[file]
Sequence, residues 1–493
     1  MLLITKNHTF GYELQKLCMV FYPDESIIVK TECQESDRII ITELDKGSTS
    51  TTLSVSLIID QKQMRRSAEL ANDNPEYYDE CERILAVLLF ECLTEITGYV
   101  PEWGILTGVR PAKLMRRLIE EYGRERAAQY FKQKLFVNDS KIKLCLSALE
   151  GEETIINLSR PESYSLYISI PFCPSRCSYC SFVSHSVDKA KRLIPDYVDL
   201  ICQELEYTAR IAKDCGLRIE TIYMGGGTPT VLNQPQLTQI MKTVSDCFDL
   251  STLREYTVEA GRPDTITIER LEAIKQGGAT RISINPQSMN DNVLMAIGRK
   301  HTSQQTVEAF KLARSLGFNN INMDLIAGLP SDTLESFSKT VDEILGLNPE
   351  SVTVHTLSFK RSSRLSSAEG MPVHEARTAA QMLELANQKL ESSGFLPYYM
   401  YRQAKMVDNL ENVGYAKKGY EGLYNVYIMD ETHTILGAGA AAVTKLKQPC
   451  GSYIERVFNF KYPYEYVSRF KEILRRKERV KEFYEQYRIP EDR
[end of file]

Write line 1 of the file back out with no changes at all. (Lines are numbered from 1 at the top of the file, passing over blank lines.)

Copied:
Sequence, residues 1–493